The questions that have been asked, what you should be asking and what you should be doing!

What should be in my privacy policy?

It should start with your Company name, location, contact information and at least the following;

  • What information you’re collecting from them; including names, email addresses, IP addresses (cookies), and any other information;
  • How you’re collecting their information, and what you’re going to use it for;
  • How you’re protecting the data;
  • Whether or not it’s optional for them to share that information, how they can opt-out and the consequences of doing so;
  • Any third-party services you’re using to collect, process, or store that information (such as an email newsletter service, or advertising network).
Proof of consent – what should be included?

GDPR is all about proving you have the consent to hold someone’s details, aim to have:

  • A timestamp of subscriber consent (time, date, location)
  • The source of the opt-in (website, social media, etc.)
  • Proof of opt-in form used to obtain consent (this can be as simple as a screen shot)

Consent can also be through; contract, legal obligation, vital interests, public task, or legitimate interests. For email marketing, consent is the most common legal ground. 

‘Legitimate interest’ – what is it?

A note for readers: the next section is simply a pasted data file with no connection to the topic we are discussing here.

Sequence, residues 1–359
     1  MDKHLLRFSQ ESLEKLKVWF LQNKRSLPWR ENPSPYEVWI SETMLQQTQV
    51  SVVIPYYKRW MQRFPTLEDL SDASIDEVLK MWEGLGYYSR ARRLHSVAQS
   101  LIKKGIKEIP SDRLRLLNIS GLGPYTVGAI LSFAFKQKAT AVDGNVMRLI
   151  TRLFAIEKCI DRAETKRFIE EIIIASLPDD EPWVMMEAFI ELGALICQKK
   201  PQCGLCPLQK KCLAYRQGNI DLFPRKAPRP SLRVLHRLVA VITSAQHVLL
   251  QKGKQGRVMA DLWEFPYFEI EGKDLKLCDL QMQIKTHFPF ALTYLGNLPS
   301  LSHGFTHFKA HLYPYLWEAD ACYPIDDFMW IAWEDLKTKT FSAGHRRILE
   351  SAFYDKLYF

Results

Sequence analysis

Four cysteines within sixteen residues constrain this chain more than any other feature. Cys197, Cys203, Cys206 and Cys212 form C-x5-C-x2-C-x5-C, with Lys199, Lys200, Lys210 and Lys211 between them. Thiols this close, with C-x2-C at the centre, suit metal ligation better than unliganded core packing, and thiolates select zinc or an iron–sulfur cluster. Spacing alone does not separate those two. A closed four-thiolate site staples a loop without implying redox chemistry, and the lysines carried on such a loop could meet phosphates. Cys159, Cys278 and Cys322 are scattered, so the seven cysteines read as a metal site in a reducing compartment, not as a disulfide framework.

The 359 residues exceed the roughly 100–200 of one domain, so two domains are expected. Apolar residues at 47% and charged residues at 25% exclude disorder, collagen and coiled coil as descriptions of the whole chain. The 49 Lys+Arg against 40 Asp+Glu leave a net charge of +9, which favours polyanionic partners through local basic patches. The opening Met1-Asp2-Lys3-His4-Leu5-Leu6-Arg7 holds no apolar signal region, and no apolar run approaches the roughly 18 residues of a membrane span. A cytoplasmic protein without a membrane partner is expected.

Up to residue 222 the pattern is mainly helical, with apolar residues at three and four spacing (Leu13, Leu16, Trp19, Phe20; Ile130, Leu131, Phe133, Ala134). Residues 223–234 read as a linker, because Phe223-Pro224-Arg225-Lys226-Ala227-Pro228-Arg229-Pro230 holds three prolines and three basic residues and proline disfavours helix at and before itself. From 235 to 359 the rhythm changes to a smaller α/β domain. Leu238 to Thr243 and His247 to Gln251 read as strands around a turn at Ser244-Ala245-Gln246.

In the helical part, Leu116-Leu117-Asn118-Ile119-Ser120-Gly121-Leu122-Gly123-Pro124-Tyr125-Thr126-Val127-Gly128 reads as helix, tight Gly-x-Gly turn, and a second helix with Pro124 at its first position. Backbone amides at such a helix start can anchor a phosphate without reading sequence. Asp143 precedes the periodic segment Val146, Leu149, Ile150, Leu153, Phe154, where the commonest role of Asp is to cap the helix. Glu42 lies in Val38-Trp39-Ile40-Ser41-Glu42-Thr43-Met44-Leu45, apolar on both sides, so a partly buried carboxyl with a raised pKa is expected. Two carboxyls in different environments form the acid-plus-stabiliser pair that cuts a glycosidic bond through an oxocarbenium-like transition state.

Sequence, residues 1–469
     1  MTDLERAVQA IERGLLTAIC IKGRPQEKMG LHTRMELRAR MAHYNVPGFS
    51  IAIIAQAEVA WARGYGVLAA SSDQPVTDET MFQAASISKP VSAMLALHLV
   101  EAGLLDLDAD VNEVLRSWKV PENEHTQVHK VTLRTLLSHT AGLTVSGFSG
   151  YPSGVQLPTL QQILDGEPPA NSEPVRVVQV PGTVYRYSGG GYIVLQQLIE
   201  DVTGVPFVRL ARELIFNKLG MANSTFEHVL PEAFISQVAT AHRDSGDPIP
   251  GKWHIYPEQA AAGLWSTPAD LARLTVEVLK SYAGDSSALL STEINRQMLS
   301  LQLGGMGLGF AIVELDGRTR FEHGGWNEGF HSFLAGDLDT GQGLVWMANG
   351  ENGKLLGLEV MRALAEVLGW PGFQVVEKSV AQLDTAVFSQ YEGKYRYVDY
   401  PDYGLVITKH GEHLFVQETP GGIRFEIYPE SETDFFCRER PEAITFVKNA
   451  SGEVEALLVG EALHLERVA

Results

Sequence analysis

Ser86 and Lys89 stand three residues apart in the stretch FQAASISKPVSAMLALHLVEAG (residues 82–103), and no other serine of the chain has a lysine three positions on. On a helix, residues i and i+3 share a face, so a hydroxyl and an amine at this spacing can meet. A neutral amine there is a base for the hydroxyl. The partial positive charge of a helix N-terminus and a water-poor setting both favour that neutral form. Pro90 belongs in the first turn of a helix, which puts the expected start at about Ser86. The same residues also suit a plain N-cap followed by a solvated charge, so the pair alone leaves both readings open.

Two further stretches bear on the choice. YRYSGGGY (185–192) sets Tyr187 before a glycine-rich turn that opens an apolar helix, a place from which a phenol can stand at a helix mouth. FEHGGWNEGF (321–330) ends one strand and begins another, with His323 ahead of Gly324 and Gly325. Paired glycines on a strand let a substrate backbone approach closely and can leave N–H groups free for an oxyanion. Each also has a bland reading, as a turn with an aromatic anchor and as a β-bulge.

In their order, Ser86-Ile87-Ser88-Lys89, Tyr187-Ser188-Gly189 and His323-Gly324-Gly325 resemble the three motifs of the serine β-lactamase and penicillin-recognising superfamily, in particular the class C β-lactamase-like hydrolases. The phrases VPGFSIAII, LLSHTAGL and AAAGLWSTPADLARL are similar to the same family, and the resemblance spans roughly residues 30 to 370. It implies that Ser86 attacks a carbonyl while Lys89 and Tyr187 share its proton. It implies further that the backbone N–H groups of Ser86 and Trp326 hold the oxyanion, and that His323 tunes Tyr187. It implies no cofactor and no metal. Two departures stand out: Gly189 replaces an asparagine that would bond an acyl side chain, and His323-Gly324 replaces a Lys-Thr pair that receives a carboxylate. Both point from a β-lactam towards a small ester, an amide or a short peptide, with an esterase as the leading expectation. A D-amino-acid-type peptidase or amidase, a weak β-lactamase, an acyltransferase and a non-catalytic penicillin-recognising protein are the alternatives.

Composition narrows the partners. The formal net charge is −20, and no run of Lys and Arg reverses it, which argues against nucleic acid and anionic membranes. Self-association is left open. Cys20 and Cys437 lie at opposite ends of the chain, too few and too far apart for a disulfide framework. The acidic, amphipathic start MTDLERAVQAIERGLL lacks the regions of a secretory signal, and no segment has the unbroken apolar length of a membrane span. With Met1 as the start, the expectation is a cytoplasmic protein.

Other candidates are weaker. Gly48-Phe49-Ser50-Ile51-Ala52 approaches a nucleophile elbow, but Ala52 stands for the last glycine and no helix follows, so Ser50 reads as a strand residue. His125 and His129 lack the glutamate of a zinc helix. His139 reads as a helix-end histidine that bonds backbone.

This basically means that you have a relationship with the customer and to carry out your service, it is expected that you carry out data processing.

Can people subscribe just by entering email without ticking a checkbox?

So long as you are asking them to consent to one thing, such as receiving your newsletter.

Emailing revalidation emails after May 25th – is that okay?

Unfortunately this is an unclear area, I have come across many companies doing this -but- I have also witnessed the backlash they have received from this. My opinion? It’s better to be safe than sorry so I wouldn’t contact them unless you can prove that it is a ‘soft opt-in’

Subscribers who didn’t revalidate – is that game over?

GDPR is all about giving the customer the “Right to be forgotten”, however, if they have previously consented in some way (i.e supplies their contact details, submitted a form…) and have been given the chance to unsubscribe but haven’t, then you can contact them. However, you must always give them the option to opt-out. 

People contacting for more information – is that consent?

If your newsletter provides product/service information then you are most likely able to rely on legitimate interest as legal ground.

E-newsletters to my customers – can I do it?

If your subscribers are your customers then they should somewhat expect you to use their data in that way.

B2B? Can you contact other companies for potential business?

Business contact information represents a legal entity and therefore GDPR wouldn’t apply.

Access to personal data

If you have someone’s information, you need to make sure it is safe, protected and accessible. You have to be able to supply your customer with this details in a format they can read and you can export – e.g a PDF. 

What are the consequences?

It all depends on the case – there could be fines or temporary or permanent ban on data processing or a suspension of data use. 

Violated data but it’s not your fault as you’ve been hacked?

You have 72 hours after having become aware of it to notify the personal data breach to the supervisory authority.


Either give people the option to opt out or “Accept” cookies, don’t assume that just because they are on your site, they have given you permission. 


Please note this is not legally binding and solely WMiW’s opinion on the matter.